December 2013 marks the 70th anniversary of the establishment of the Orthodox Christian military chaplaincy to serve the spiritual needs of Orthodox personnel in the United States Armed Forces.
At the time of America’s entry in World War II, there were no Orthodox Chaplains in the US Armed Forces. Father Vladimir Borichevsky became the first Orthodox priest to enter the US Armed Forces in December 1943. By then, America had been at war for two years, but no one knew how long the war would last. He was soon joined by Fathers Michael Kovach and John Kivko in the Army and Father Alexander Seniavsky in the Navy. Too few to meet the needs of our massively surged and widely deployed forces, Orthodox chaplains were initially assigned to stateside training commands, though Father Vladimir was present during the battle of Saipan.
All four priests were discharged from active duty after V-J Day, leaving the chaplaincy devoid of an Orthodox presence until the Korean War, when Father Seniavsky reentered the Navy. It was also during this next chapter that Fathers Nicholas Kiryluk and Basil Stroyen joined the chaplaincy of the youngest branch of service, the US Air Force. From that time on, Orthodox chaplains have continuously served all branches of the US Armed Forces.
It is interesting to note that at the 17th annual national convention of the Federated Russian Orthodox Clubs—today’s Fellowship of Orthodox Christians in America—delegates established a fund to equip the first Orthodox chaplain. Cash and pledges amounted to over $600.00. At the 18th convention, Father Dzvonchik informed delegates that Father Borichevsky had been presented with two sets of vestments; two crosses, a baptismal kit, service books, a censer, a complete chalice set, Epistle and Gospel books, icons, and a sacramental record book.
Although the first Orthodox chaplains were challenged to justify their relevance to the institution, their legacy was built upon their steadfast faith set up the current generation of Orthodox chaplains for success. Now sharing fully in the leadership of chaplaincies, they are regarded as vital to the free exercise of religion in our nation’s diverse military. Their sacramental outreach is authentically pan-Orthodox, providing the Divine Liturgy and other offices, as well as a sense of community, to communicants regardless of jurisdiction stationed in far-flung corners of the globe.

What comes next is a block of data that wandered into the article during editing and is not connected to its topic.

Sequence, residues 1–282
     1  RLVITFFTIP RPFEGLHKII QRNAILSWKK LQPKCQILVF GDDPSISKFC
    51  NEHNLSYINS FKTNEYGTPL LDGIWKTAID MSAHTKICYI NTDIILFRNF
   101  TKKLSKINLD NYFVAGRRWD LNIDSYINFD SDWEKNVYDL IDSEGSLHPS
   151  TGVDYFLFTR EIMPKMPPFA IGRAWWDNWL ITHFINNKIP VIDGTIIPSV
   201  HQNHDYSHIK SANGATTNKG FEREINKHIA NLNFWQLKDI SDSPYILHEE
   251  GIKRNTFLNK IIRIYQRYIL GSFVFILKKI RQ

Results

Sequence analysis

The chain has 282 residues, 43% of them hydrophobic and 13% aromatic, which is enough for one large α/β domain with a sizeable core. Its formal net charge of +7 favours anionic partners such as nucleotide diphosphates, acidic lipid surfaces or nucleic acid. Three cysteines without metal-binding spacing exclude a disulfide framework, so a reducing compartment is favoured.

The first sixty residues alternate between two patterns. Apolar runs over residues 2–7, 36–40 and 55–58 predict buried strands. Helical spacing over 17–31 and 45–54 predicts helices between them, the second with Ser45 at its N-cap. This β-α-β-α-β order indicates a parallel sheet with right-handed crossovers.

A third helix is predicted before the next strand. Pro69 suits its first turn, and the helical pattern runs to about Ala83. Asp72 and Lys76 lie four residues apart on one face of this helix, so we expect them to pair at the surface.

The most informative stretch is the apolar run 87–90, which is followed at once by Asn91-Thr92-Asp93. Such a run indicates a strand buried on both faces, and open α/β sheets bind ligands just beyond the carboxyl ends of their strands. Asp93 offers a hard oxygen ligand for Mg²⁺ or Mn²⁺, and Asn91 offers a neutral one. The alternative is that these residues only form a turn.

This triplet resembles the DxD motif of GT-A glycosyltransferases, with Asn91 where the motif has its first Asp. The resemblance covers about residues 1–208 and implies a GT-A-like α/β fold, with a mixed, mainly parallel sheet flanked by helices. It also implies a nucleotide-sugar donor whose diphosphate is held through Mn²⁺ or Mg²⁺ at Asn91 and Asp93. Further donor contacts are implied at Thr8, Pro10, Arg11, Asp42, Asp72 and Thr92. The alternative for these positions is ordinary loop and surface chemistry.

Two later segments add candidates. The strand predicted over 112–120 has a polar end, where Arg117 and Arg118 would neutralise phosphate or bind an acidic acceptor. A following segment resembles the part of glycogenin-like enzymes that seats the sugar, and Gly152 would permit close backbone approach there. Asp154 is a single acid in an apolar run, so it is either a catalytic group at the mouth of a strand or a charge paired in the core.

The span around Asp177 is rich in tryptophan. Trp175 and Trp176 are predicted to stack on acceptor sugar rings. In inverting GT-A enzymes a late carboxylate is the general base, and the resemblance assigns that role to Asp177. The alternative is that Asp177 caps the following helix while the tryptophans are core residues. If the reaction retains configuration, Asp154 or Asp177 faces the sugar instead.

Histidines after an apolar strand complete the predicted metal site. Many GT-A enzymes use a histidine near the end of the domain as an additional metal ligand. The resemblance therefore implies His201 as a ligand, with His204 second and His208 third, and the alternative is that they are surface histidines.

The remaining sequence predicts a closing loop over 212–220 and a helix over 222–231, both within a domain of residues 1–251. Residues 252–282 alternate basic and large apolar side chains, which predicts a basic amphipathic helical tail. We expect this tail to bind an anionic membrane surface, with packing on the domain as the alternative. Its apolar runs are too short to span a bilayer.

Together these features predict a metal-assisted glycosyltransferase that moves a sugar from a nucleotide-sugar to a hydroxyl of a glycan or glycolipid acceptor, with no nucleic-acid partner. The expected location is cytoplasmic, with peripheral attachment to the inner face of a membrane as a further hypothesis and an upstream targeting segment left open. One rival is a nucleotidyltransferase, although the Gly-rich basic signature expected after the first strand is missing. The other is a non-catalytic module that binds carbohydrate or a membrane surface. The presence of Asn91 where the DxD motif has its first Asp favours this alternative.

Our priests in uniform provide for Orthodox Christian personnel to the greatest extent conditions allow. Whether serving in ornate chapels or at makeshift altars with laminated icon prints, Orthodox chaplains bring the fullness of God’s Kingdom to the isolated faithful. They have served in every major conflict since the Second World War and are deployed in Afghanistan and elsewhere in the Global War on Terror even today.
At present, two Orthodox chaplains are preparing to be deployed for the Nativity and Theophany season. Father Eugene Wozniak, Navy Chaplain, will serve with Marine forces in southwestern Afghanistan in December and January. Father John Kalantzis, Chaplain of the USS TRUMAN, currently is deployed in the region. Father Peter Dubinin, Army, will serve a one year tour of duty beginning in January 2014 to Kuwait.
Two chaplains recently returned from tours of duty in Afghanistan. Father Paul Rivers returned to Germany, while Father George Hill, who recently was selected to attend Advanced Civilian Schooling for a graduate degree in ethics from the University of Virginia, returned to Fort Bragg, NC.
Those participating in the War on Terror are among approximately 30 Orthodox chaplains in the Army, Navy and Air Force, their Reserve components, and the National Guard. They provide ministry to soldiers, sailors, airmen, Marines and Coast Guard personnel and act as spiritual advisors to commanders of three and four-star rank. They provide an irreplaceable sacramental presence to Orthodox faithful in uniform while bearing witness to our faith as they care for all service members, regardless of religion.
The Orthodox priests in uniform serve and minister in all parts of the world and in varied environments and conditions as they provide the continued dynamic ministry with spirituality, dedication, love and professional competency at all time and hours. Many of our Orthodox chaplains and many of the men and women to whom they minister have had multiple deployments. Let us remember our chaplains and veterans and their families in our daily prayers, that God will grant them many years.
Those who know of Orthodox Christian men or women serving in the Armed Forces are encouraged to have them contact a chaplain of their own unit who may be able to arrange transportation to the sites where Orthodox worship will be held or to arrange a visit by an Orthodox chaplain to their locations.